Google reusing municipal effluent for cooling

Information giant Google is reusing municipal wastewater to cool its data centre in Douglas County, Georgia, USA.

A typical data center can use hundreds of thousands of gallons of water a day. Google says its data centers use half the energy of a typical data-center, in part because they rely on evaporative cooling rather than energy-hungry mechanical chillers.

When Google first built its Georgia facility in 2007, the water it used came from the local potable supply, but the company soon realized that the water did not need to be clean enough to drink. After discussion with the Douglasville-Douglas County Water & Sewer Authority (WSA) about setting up a system that uses grey or recycled water in its cooling infrastructure.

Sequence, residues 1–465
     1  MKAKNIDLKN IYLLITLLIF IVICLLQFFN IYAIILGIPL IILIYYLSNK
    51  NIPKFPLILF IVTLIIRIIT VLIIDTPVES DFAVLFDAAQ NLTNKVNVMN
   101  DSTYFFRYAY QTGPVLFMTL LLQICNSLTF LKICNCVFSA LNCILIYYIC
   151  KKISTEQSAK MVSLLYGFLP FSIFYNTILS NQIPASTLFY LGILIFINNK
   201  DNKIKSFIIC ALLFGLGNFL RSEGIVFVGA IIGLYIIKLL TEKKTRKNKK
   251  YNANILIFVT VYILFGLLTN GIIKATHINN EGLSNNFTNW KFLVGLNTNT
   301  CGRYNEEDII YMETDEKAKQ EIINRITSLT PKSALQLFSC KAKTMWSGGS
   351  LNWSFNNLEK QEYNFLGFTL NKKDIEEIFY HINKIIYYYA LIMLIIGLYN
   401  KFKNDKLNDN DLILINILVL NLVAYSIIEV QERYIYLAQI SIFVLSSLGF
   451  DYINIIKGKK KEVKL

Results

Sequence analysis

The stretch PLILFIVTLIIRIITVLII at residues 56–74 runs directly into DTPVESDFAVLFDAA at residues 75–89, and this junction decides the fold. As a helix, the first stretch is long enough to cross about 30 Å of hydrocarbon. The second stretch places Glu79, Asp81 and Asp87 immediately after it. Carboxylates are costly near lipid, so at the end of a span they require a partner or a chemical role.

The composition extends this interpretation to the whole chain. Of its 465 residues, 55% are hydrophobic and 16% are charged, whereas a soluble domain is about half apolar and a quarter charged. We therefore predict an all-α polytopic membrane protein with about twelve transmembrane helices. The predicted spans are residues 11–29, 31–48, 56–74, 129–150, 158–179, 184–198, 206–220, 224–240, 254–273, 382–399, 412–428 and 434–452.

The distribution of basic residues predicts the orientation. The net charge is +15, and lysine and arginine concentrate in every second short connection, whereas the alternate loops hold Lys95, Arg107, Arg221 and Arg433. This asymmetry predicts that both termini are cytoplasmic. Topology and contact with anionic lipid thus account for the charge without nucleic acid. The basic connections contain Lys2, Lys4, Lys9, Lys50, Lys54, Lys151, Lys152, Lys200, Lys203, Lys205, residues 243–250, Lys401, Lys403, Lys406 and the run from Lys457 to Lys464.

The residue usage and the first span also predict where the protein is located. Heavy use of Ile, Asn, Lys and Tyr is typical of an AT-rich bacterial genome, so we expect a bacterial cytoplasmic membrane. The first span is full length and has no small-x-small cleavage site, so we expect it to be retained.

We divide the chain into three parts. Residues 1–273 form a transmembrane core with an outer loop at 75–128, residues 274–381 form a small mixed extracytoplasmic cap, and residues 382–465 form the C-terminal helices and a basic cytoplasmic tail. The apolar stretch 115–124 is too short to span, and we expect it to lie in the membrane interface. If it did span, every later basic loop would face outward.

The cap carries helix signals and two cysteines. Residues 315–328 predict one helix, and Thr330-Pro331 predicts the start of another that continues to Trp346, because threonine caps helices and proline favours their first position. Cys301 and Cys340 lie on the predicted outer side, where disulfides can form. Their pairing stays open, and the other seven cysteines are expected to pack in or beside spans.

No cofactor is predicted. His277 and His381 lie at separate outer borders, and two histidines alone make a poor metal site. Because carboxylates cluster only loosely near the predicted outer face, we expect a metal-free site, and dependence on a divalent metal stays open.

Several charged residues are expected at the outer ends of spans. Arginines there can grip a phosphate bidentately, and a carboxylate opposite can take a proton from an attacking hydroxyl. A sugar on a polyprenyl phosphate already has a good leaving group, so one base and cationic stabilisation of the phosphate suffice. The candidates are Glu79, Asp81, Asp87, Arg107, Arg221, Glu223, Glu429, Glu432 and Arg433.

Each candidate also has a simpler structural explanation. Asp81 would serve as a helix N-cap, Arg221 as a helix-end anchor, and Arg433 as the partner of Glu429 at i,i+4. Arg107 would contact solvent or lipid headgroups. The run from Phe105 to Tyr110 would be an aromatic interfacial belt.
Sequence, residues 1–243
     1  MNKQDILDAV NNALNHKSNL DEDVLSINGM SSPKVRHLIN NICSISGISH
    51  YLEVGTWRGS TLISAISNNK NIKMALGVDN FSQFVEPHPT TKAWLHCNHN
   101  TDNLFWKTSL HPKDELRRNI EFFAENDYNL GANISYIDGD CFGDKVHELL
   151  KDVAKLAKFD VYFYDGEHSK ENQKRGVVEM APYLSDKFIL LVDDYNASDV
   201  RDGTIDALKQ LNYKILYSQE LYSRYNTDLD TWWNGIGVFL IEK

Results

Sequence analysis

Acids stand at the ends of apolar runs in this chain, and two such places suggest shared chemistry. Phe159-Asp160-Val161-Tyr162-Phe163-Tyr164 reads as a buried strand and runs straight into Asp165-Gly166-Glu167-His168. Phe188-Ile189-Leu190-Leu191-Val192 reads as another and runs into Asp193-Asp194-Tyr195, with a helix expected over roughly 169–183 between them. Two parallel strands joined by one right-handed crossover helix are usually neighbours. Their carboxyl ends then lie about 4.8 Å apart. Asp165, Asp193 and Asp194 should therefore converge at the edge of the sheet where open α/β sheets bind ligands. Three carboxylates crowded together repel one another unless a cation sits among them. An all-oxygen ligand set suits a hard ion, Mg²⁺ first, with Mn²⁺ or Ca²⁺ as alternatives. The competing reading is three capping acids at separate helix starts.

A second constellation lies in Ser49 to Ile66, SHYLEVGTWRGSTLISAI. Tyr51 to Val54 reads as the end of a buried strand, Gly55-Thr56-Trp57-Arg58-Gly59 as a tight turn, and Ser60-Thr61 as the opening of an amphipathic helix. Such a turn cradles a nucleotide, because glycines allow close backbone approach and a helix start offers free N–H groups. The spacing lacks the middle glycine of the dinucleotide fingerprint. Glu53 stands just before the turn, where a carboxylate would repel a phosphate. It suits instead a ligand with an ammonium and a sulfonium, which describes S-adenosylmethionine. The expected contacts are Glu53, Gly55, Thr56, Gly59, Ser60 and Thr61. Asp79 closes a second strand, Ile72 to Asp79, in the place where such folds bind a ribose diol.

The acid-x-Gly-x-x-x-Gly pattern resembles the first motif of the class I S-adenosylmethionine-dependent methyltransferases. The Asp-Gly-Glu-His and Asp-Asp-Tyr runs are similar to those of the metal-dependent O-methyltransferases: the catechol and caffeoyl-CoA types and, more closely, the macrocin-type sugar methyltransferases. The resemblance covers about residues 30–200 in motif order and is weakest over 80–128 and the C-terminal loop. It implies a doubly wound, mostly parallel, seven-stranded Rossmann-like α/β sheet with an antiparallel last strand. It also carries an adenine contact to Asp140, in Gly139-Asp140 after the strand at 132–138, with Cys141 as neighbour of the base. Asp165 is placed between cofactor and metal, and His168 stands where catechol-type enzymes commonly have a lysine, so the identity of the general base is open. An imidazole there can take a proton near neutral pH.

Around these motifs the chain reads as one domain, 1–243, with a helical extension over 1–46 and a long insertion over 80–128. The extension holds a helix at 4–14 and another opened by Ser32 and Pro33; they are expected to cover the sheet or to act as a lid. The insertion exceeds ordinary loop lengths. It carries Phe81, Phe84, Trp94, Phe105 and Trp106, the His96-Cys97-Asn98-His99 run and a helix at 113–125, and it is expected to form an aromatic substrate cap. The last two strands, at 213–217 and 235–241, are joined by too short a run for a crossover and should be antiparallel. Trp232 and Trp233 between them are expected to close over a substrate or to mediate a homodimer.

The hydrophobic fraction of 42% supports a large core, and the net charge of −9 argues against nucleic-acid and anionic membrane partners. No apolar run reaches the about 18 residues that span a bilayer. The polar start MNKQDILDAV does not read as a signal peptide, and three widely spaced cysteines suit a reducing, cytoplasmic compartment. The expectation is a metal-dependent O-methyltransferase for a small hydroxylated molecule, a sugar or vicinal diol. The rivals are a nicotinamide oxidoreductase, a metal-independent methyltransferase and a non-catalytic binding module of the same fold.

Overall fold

Google worked with the WSA to build the Sweetwater Creek Side-Stream Plant, about five miles (8 km) west of the data center, which receives up to 30% of the water that would have gone back into the Chattahoochee river. Instead, it is sent through the plant for treatment and then on to the data center.

Any water that does not evaporate during the cooling process then goes to an effluent treatment plant located on-site. There it is disinfected, mineral solids are removed and the effluent is sent it back out to the receiving river.

With this system in place, the company is able to use recycled water for 100% of its cooling needs.